Effects of the dielectric properties of the ceramic-solvent interface on the binding of proteins to oxide ceramics: A non-local electrostatic approach

Alexander I. Rubinstein, Renat F. Sabirianov, Fereydoon Namavar

Research output: Contribution to journalArticlepeer-review

8 Scopus citations


The rapid development of nanoscience and nanotechnology has raised many fundamental questions that significantly impede progress in these fields. In particular, understanding the physicochemical processes at the interface in aqueous solvents requires the development and application of efficient and accurate methods. In the present work we evaluate the electrostatic contribution to the energy of model protein-ceramic complex formation in an aqueous solvent. We apply a non-local (NL) electrostatic approach that accounts for the effects of the short-range structure of the solvent on the electrostatic interactions of the interfacial systems. In this approach the aqueous solvent is considered as a non-ionic liquid, with the rigid and strongly correlated dipoles of the water molecules. We have found that an ordered interfacial aqueous solvent layer at the protein- and ceramic-solvent interfaces reduces the charging energy of both the ceramic and the protein in the solvent, and significantly increases the electrostatic contribution to their association into a complex. This contribution in the presented NL approach was found to be significantly shifted with respect to the classical model at any dielectric constant value of the ceramics. This implies a significant increase of the adsorption energy in the protein-ceramic complex formation for any ceramic material. We show that for several biocompatible ceramics (for example HfO2, ZrO2, and Ta2O5) the above effect predicts electrostatically induced protein-ceramic complex formation. However, in the framework of the classical continuum electrostatic model (the aqueous solvent as a uniform dielectric medium with a high dielectric constant ∼80) the above ceramics cannot be considered as suitable for electrostatically induced complex formation. Our results also show that the protein-ceramic electrostatic interactions can be strong enough to compensate for the unfavorable desolvation effect in the process of protein-ceramic complex formation.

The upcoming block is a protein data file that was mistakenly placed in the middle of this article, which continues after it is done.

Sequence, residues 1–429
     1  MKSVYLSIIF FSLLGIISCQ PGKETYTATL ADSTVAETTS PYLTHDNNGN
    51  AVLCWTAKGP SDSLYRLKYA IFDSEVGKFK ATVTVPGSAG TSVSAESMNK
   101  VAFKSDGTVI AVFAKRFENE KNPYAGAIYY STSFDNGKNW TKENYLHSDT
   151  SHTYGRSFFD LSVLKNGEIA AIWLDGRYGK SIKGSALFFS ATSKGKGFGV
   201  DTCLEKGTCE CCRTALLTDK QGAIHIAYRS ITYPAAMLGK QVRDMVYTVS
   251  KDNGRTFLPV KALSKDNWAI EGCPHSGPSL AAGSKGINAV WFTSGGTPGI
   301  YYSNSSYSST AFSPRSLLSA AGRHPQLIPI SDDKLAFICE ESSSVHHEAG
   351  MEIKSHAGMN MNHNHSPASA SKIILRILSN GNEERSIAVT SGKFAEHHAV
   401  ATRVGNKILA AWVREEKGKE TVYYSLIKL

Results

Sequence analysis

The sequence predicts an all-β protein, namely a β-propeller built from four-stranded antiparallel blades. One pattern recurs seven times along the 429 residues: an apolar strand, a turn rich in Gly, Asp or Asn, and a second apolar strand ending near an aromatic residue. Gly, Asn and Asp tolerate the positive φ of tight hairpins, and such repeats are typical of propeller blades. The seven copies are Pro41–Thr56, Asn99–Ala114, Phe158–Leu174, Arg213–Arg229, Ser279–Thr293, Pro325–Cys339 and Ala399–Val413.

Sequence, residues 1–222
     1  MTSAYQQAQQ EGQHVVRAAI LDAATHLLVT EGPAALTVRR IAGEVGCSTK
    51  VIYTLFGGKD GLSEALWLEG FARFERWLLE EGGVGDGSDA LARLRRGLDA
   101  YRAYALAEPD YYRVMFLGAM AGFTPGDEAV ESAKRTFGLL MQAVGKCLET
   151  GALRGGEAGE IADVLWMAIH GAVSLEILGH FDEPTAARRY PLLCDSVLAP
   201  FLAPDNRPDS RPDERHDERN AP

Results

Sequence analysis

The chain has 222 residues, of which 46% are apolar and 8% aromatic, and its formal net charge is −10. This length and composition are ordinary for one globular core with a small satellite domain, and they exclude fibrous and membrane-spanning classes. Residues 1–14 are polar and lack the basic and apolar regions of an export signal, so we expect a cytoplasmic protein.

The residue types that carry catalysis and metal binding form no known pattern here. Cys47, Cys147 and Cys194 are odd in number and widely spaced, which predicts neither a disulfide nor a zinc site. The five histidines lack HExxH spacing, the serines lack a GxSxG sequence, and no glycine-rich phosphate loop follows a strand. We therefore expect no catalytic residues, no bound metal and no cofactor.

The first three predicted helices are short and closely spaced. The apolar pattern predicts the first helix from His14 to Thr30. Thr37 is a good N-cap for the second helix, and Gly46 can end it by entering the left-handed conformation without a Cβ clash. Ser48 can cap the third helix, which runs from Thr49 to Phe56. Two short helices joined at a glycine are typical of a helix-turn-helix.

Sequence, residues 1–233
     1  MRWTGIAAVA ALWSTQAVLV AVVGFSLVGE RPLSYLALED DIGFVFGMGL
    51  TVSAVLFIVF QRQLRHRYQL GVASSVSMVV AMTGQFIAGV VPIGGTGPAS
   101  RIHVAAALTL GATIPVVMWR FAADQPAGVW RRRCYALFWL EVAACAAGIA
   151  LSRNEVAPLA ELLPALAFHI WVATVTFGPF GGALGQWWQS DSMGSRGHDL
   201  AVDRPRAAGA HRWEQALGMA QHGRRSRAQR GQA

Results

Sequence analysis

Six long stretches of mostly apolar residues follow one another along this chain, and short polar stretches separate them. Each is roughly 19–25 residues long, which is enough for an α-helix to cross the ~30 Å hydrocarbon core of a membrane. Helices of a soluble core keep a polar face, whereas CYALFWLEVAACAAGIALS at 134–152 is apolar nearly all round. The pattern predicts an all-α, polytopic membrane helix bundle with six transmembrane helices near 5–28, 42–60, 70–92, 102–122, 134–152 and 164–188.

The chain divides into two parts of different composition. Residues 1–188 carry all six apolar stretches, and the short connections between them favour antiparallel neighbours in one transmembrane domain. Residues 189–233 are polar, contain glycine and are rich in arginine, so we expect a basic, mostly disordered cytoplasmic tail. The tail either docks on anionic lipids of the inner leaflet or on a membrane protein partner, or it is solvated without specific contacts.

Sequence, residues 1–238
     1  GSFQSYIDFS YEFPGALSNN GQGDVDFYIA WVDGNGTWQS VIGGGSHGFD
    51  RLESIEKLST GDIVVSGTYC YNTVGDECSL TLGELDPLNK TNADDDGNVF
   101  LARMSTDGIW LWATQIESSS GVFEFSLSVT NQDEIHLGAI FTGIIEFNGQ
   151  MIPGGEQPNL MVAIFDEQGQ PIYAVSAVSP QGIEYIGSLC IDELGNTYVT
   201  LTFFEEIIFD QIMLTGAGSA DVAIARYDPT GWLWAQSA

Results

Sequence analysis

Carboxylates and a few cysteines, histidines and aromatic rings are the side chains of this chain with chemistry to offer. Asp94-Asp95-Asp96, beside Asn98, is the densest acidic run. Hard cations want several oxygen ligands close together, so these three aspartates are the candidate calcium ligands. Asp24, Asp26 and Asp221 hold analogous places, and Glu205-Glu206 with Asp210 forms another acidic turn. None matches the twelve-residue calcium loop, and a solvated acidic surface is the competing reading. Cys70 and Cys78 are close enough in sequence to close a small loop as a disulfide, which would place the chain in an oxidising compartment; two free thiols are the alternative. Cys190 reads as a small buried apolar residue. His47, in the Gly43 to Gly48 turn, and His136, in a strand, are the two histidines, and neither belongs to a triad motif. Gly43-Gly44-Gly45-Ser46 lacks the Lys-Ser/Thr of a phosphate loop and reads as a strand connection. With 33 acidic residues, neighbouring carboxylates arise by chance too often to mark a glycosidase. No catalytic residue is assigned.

Original languageEnglish (US)
Article number415703
Issue number41
StatePublished - Sep 6 2016


  • ceramic nanoparticles and implants
  • interfacial water
  • non-local electrostatics
  • protein adsorption
  • solvent permittivity

ASJC Scopus subject areas

  • Bioengineering
  • General Chemistry
  • General Materials Science
  • Mechanics of Materials
  • Mechanical Engineering
  • Electrical and Electronic Engineering


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